Coopers Tavern – Burton on Trent
Having spent a couple of hours walking around the excellent Museum of Brewing I was keen to discover some of the best pubs that Burton on Trent could offer. Recognised nationally as the centre of the British brewing industry the town still has some of the best drinking holes in the country. I was recommended The Devonshire Arms and The Coopers Tavern. The Devonshire was closed so I decided to visit the Coopers Tavern which was a short walk from the Brewery Museum.
The Coopers Tavern has appeared in almost every edition of the Good Beer Guide for many, many years. The Coopers Tavern is a no nonsense, no frills, real ale tavern located close to the railway station and a five-minute walk into the centre of Burton.You will not find a television screen on any of the walls, there is no jukebox or streamed music playing and dont bother asking whether they have wi-fi!
The pub has won many national and local awards for both its beers, character, original décor and sense of tradition. As I soon discovered The Coopers Tavern is a unique pub which has been unspoilt by modernisation or fancy drinking trends. From outside the pub is a fairly- nondescript building. Brick built with four small windows and a large white sign `Bass & Co The Coopers Tavern` above the central door. Two small wooden boards either side of the door complete the look but its inside that its real treasures are revealed.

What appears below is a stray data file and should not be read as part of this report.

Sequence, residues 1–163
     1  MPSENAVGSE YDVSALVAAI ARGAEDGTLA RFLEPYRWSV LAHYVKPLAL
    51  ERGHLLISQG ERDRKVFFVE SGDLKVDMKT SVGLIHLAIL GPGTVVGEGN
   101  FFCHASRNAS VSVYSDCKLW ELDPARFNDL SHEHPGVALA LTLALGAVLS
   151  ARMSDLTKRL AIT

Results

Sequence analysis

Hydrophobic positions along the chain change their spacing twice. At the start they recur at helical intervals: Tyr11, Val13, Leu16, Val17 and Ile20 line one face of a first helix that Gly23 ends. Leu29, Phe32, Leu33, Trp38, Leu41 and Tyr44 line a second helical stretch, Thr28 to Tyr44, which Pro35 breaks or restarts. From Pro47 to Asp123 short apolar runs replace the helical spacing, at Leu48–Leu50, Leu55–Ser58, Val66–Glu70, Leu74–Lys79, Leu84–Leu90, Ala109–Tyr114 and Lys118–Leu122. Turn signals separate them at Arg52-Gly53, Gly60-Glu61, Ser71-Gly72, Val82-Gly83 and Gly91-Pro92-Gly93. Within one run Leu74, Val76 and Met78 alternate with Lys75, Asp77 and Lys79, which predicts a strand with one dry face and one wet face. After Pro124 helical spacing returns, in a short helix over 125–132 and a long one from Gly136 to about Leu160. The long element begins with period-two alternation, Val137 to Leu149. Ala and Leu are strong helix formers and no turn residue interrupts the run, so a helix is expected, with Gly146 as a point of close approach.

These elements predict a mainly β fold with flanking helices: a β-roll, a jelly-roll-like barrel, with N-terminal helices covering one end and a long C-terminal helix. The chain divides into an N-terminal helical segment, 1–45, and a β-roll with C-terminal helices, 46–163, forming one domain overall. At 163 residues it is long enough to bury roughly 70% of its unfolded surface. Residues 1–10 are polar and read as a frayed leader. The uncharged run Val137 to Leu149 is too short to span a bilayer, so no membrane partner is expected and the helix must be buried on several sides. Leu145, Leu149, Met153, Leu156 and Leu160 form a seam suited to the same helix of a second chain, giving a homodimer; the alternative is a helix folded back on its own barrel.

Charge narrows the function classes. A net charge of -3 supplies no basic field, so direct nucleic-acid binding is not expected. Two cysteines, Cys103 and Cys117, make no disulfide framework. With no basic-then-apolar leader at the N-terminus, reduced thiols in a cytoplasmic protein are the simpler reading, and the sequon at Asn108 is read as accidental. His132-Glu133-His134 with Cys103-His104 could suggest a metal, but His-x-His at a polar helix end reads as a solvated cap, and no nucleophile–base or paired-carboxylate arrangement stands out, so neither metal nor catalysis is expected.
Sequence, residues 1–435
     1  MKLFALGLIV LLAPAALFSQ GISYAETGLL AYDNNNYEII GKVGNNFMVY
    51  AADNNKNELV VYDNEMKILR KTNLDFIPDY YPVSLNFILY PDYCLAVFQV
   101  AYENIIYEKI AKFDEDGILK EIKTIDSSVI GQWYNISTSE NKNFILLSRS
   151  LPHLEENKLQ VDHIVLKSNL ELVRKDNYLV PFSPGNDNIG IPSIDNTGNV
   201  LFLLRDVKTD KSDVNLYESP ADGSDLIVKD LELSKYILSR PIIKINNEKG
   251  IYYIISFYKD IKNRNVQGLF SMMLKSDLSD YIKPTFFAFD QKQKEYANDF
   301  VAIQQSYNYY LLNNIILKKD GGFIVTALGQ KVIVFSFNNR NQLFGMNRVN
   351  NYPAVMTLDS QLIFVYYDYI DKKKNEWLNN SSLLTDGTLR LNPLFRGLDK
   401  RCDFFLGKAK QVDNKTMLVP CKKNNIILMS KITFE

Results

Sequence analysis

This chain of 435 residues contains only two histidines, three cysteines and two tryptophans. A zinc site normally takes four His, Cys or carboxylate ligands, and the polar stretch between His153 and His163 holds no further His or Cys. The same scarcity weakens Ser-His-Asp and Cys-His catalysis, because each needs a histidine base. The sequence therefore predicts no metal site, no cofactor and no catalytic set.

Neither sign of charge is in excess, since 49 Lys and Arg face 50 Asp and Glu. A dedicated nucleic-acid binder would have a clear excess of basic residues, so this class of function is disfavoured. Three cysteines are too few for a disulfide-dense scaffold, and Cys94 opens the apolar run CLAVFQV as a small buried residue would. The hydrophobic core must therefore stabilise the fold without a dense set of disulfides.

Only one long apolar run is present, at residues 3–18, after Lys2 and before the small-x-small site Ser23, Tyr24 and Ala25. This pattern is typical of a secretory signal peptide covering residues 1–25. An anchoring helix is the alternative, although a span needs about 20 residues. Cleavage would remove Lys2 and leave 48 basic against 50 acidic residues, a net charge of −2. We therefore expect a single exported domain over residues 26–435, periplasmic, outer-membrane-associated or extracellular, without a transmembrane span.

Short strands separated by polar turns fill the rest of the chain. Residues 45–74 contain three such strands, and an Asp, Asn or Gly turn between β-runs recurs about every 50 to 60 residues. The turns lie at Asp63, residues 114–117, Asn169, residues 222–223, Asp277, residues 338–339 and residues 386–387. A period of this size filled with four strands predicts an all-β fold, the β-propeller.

The Coopers is a small pub with a series of small rooms and a couple of small open fires. Off to the left is a small cosy `snug bar` with a tiny fireplace and a couple of tables and chairs and to the right is the front room complete with an assortment of brewery mirrors and portraits of worthy locals. A well- trodden tiled floor, ageing wooden furniture and leather clad settees surround the walls of this slightly larger but still quite small central room. The rooms are still decorated in a traditional style and the Bass colours of red and brown.
As I went deeper into the pub I found an even smaller snug next to the `bar` with a few old barrels as tables and some slightly raised seating around the edges. In the tap-room I found a range of ales being served directly from the cask, straight on to a barrel top. There is no bar as such, the `bar` is suitable for resting a few beer glasses but nothing more. The casks are lined up and there are several shelves laden with bottles and glasses. It is like taking a trip back in time. I cannot remember visiting a pub quite like this for many, many years.
The Coopers Tavern was originally owned by William Bass having been a brewer’s house and a malt store during its two hundred – year history. There is a plague on one of the pub wall`s which describes how in the early 1800’s the Tavern had become the store room for the Bass Imperial Stout.